What Constitutes a Great Idea for a Web-based Business? It has to be unique, right? The market must be huge! There needs to be a great way to monetize the idea so investors can earn back their investment in 3-5 years. The business should fall in a sector where there are many well-capitalized firms to potentially buy it. Of course, the hot ideas need to be in alternative energy. Isn’t that what everyone is talking about?
So which of the above do I think are the most and least important?I HAVE NO IDEA. But my guess is that none of them are most important. It has to be unique. What about Google, Facebook, YouTube, Amazon, eBay? There were other search engines, social media sites, video sites, book sellers and exchanges well before any of these sites were launched. But look, each of these are runaway hits. What about the large market argument? Yeah, this one probably has some merit, but in many of these cases there was no market before the sites became successful.
When I’m being pitched web-business ideas I first want to see that the entrepreneur is both passionate about his/her idea AND knows the space inside and out. Preferably, they are experts in their space and have years of inside knowledge. About a year ago a friend introduced me to a senior executive from a large east coast-based company. The company was in the memorabilia space and was very successful. They were a mature company with over $40 million in annual sales. Their CEO put this guy in charge of finding out how they could get into the online dating space. Why? Because he read an article about plentyoffish.com, a free dating site started by a young guy who is making millions of dollars a year with ZERO employees (take a look at this Inc Magazine artcle — warning, prepared to be jeolous!).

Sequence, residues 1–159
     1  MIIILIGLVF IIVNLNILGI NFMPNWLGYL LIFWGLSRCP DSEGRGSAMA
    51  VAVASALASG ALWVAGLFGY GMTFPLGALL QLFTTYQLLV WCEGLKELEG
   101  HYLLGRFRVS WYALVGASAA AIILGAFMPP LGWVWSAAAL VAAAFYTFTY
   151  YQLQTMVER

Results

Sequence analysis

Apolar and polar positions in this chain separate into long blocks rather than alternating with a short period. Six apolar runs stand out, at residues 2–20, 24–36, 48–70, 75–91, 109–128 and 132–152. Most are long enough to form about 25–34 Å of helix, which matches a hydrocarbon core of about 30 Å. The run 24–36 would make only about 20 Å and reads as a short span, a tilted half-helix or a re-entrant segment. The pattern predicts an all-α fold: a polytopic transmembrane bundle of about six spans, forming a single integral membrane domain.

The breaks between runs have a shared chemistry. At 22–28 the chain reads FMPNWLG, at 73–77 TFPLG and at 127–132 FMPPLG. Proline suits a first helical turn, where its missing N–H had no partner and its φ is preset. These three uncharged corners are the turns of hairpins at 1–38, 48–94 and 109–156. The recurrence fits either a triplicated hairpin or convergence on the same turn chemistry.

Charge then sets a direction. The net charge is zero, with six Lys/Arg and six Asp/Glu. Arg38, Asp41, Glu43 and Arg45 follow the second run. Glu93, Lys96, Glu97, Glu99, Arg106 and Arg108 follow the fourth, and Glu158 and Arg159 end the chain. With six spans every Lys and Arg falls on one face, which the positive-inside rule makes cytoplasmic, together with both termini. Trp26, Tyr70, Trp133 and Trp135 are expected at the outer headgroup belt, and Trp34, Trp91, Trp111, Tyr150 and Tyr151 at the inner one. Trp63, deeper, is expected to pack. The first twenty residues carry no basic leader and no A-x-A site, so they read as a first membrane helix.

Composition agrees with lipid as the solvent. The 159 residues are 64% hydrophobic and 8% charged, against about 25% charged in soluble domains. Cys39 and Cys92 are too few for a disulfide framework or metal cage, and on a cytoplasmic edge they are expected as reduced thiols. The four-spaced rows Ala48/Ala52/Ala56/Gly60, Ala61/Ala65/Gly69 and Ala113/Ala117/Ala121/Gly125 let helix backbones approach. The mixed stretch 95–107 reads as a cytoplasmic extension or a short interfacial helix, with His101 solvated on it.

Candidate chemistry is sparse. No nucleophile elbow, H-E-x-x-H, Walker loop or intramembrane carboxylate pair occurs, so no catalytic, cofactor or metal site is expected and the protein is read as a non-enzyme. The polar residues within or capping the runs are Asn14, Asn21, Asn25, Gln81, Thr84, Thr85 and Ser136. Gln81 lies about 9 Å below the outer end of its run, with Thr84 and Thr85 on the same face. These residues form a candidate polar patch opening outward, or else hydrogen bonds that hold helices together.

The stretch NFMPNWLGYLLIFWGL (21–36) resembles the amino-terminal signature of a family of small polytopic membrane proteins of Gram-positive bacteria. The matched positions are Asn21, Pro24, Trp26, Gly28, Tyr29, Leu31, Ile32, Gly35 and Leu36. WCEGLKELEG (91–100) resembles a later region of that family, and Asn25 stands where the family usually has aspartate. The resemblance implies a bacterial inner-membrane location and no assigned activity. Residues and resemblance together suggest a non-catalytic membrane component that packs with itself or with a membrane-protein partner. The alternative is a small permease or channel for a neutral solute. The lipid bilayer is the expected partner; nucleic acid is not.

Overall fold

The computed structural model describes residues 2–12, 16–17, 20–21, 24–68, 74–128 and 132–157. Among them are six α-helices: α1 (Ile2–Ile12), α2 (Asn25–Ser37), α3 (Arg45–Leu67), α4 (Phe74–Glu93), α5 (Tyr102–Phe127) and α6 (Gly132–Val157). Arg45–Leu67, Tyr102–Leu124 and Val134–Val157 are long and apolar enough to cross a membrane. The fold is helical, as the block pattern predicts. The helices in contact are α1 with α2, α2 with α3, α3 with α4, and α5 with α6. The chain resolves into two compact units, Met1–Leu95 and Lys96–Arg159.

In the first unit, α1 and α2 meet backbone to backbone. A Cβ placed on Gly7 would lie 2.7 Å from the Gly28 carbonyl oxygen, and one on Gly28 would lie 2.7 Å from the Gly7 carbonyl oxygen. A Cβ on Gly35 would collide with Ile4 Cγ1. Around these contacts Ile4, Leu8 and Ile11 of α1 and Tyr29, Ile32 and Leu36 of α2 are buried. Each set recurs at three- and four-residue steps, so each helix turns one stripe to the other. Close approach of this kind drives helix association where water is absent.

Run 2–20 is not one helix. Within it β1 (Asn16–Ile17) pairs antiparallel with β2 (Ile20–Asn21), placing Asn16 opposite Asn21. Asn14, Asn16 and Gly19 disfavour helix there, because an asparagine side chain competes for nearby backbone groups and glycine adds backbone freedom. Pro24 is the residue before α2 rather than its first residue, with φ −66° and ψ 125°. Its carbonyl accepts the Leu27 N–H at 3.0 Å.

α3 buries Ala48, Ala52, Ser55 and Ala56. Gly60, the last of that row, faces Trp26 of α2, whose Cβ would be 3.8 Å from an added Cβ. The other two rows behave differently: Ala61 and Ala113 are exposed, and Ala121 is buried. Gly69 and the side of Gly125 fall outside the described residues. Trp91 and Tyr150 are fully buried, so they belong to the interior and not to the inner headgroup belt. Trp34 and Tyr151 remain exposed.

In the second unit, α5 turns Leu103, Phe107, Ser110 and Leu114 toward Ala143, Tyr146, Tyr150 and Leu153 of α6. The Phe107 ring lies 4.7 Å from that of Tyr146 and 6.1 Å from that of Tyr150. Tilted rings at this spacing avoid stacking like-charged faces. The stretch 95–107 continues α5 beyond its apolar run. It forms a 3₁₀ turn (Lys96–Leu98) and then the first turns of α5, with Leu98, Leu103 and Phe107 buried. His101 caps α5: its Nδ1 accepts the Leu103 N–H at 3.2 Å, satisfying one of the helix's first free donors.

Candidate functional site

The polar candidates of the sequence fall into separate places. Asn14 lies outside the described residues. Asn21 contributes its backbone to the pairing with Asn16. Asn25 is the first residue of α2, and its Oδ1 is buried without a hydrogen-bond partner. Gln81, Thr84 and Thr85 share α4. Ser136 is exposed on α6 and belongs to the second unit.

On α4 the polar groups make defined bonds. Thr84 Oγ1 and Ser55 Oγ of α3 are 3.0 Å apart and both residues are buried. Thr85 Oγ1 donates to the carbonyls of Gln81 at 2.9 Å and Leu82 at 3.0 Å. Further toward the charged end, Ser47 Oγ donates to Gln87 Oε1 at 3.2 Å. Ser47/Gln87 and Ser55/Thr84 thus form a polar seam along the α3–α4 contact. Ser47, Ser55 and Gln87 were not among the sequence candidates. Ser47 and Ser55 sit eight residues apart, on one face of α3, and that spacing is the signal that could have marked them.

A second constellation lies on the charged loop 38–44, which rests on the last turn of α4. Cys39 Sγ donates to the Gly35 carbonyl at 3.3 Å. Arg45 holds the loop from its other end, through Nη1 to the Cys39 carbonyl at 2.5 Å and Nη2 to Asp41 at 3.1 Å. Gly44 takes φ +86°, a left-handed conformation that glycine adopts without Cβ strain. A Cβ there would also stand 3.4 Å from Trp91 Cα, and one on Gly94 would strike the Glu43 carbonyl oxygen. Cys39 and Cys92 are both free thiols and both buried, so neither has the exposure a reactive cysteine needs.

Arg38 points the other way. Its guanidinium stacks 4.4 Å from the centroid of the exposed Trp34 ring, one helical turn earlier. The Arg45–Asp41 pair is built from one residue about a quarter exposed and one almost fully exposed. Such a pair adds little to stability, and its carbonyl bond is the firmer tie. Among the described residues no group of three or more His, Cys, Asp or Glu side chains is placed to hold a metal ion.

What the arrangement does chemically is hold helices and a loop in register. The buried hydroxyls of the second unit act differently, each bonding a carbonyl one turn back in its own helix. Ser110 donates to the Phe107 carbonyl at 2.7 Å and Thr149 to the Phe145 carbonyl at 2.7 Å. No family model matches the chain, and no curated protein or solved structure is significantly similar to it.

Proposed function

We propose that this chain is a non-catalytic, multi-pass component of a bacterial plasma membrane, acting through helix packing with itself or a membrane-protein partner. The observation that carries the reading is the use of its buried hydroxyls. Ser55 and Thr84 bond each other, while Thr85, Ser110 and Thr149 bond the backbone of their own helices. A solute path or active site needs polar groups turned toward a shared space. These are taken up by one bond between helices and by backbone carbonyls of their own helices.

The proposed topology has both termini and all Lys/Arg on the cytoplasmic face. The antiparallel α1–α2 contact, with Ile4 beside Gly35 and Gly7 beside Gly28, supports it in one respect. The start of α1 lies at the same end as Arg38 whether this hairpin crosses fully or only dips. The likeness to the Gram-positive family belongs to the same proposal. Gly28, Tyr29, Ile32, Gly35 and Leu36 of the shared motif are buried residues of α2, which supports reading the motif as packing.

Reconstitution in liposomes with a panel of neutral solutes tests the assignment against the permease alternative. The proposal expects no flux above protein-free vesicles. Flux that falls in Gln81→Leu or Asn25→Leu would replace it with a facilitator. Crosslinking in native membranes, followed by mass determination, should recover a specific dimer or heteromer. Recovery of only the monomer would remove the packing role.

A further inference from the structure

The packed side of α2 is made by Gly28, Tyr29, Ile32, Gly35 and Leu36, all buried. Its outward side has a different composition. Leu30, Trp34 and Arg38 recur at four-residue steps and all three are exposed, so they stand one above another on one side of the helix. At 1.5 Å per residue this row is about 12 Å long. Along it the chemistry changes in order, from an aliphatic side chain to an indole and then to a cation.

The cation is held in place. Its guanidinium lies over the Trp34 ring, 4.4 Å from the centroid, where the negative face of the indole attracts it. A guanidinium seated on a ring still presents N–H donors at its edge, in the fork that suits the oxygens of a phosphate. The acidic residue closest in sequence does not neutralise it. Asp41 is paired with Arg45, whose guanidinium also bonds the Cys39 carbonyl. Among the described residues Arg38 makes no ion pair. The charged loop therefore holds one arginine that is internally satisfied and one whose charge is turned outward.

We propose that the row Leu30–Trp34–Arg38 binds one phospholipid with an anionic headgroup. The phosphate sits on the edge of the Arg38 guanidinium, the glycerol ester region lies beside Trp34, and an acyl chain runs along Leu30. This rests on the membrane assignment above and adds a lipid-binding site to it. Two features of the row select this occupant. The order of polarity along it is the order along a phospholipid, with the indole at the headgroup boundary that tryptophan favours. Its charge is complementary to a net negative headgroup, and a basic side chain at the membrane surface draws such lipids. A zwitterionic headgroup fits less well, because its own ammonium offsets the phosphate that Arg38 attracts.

These guy knew nothing about the dating business or the web, had zero experience with online marketing, Google Adwords, SEM, SEO, etc., etc. I suggested that if they were to enter the online space that they should focus on something they knew, which was plenty given their success in their current market. I don’t think the guy liked my advice because I never heard from them again! Sure investors look for great ideas, in establshed markets and business plans that have clear exit strategies. But above all, they are looking at the team behind the idea. A team that is knowledgable about the space and passionate about their idea.
Looking for some inspiration? Here are two great places to start. Techcrunch’s Elevator Pitch site showcases 60 second video pitches by CEO’s who are looking for funding. Go2web20.net is a search engine directory of new Web 2.0 web sites — presumably many of these sites were recently funded. What do you think? Do many of these ideas make sense? Will they turn into sustainable companies? Can you do better? I believe you can!